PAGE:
WASHINGTON, D.C. — Billionaire coffee magnate Howard Schultz has two problems: Ross Perot and Ralph Nader.
Schultz, a lifelong Democrat, said on CBS' "60 Minutes" Sunday that he's seriously considering running for president as a centrist independent in 2020. So am I, for that matter. With about, oh, 400 Democrats lining up to run, what's one more?
But Schultz, unlike most of us, has billions of dollars – entire galaxies of dollars because: coffee. He also has already hired two big guns of previous presidential campaigns – Bill Burton and Steve Schmidt, of Barack Obama and John McCain fame, respectively.
While the media (including this columnist) display a Pavlovian response to the scent of fresh meat, Democrats have been shrieking like cartoon girls when a rat scampers past. Recently, when Schultz was talking at a Manhattan Barnes & Noble to promote his new book, a man in the audience shouted, "Don't help elect Trump, you egotistical billionaire!" Whereupon the thought did briefly flicker: Could Schultz and Trump be in cahoots? No.
The man did have a point, however – one shared by countless Democrats. Their fear that a third-party or independent candidate would merely siphon votes from their nominee is not without precedent. In 1992, when Perot led a PowerPoint rebellion running as an independent, he may have helped Bill Clinton defeat incumbent George H.W. Bush. Perot captured almost 19 percent of the popular vote (albeit no electoral votes).
Even though exit polling indicated that Perot voters were evenly split on their second choice, it's still conceivable that enough would have stuck with the familiar rather than gamble on an Arkansas governor whose slightly curled lip and hip-dipping swagger suggested he hadn't yet fully shed his inner-Elvis (or his ain't-nuthin'-but-a-hound-dog ways).
Who knows? But isn't it lovely to ponder what might not have been: Monica Lewinsky. The 750-word columnist is grateful when a single name suffices to summarize an era. An alternative history would have excluded so many familiar names, tropes and at least one Tripp that it's hard to imagine life without: the two-fer presidency, Whitewater, Ken Starr, Bosnia, sniper fire, wag the dog, "Primary Colors" by Anonymous (Joe Klein), the blue dress and, yes, Linda Tripp.
Would the world have been better off? At least I could have avoided this conversation about oral sex with my then 8-year-old child: Why, yes, sweetie you may ask me anything. What?! Oh! That, huh? Ummm. Well, it's when people talk about sex a lot.
Later, when Nader ran as a Green Party candidate in 2000, he may well have ensured the presidency of George W. Bush. In Florida, where the election ultimately was decided, Nader earned nearly 100,000 votes, a sufficient portion of which almost certainly would have otherwise gone to Al Gore. Bush won by just 537 votes.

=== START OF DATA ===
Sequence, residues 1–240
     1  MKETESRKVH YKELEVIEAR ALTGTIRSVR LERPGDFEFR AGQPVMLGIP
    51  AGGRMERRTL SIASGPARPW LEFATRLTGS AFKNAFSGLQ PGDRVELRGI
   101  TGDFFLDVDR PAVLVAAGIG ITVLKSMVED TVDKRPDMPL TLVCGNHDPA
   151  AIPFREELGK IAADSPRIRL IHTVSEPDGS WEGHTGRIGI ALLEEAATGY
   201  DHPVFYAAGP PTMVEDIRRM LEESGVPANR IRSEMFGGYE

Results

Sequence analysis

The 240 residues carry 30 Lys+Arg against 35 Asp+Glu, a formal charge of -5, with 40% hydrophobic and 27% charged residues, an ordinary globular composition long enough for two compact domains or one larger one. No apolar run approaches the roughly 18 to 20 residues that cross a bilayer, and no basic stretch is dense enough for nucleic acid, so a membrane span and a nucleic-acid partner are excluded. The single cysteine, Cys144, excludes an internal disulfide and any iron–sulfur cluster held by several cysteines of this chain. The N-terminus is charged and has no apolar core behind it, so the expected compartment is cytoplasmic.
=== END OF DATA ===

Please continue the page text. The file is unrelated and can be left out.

To the extent that newly elected presidents tend to represent the antithesis of the incumbent, the younger Bush was plainly Clinton's opposite. And, needless to say, Obama was Bush's. Then came Donald Trump, who emerged from central casting as the opposite not only of Obama but of all things decent, fair and true.
Who, pray, will be the non-Trump?
By all rights, it should be a woman of color to counter Trump's grab-'em-by-the-[whatever] misogyny and his dog-whistling to Jim Crow. California Sen. Kamala Harris would be the obvious choice given those criteria. But as telegenic, experienced and charismatic as she is, Harris' pro-debt-free-college and Medicare-for-all positions would be hard sells in a general election.
Enter Schultz. He's richer than Trump; as white as Trump; a man. You see the problem. But he does have antidotal qualities. He's polite, smart, self-made, articulate, calm, rational – and a centrist like millions of voters. Given that the two major political parties have been rendered ridiculous by their bases – and 56 percent of Americans say they wouldn't consider voting for Trump, according to a Washington Post poll released Tuesday – why not a third way? Besides, there's no guarantee he'd attract only Democratic votes.
Schultz hasn't declared his candidacy yet, but it would be a mistake to drive him away on the precedents of Perot and Nader, who, let's face it, never had a chance and, thus, indeed, were spoilers. Schultz is also no Michael Bloomberg, the other billionaire independent who has flirted with the presidency. Consider: As New York City mayor, Bloomberg wanted to control soda consumption; Schultz, though no longer CEO of Starbucks, wanted to feed the world high-calorie scones and venti salted caramel mocha lattes – with two pumps of vanilla.
It wouldn't be the worst thing.
Kathleen Parker's email address is email@example.com.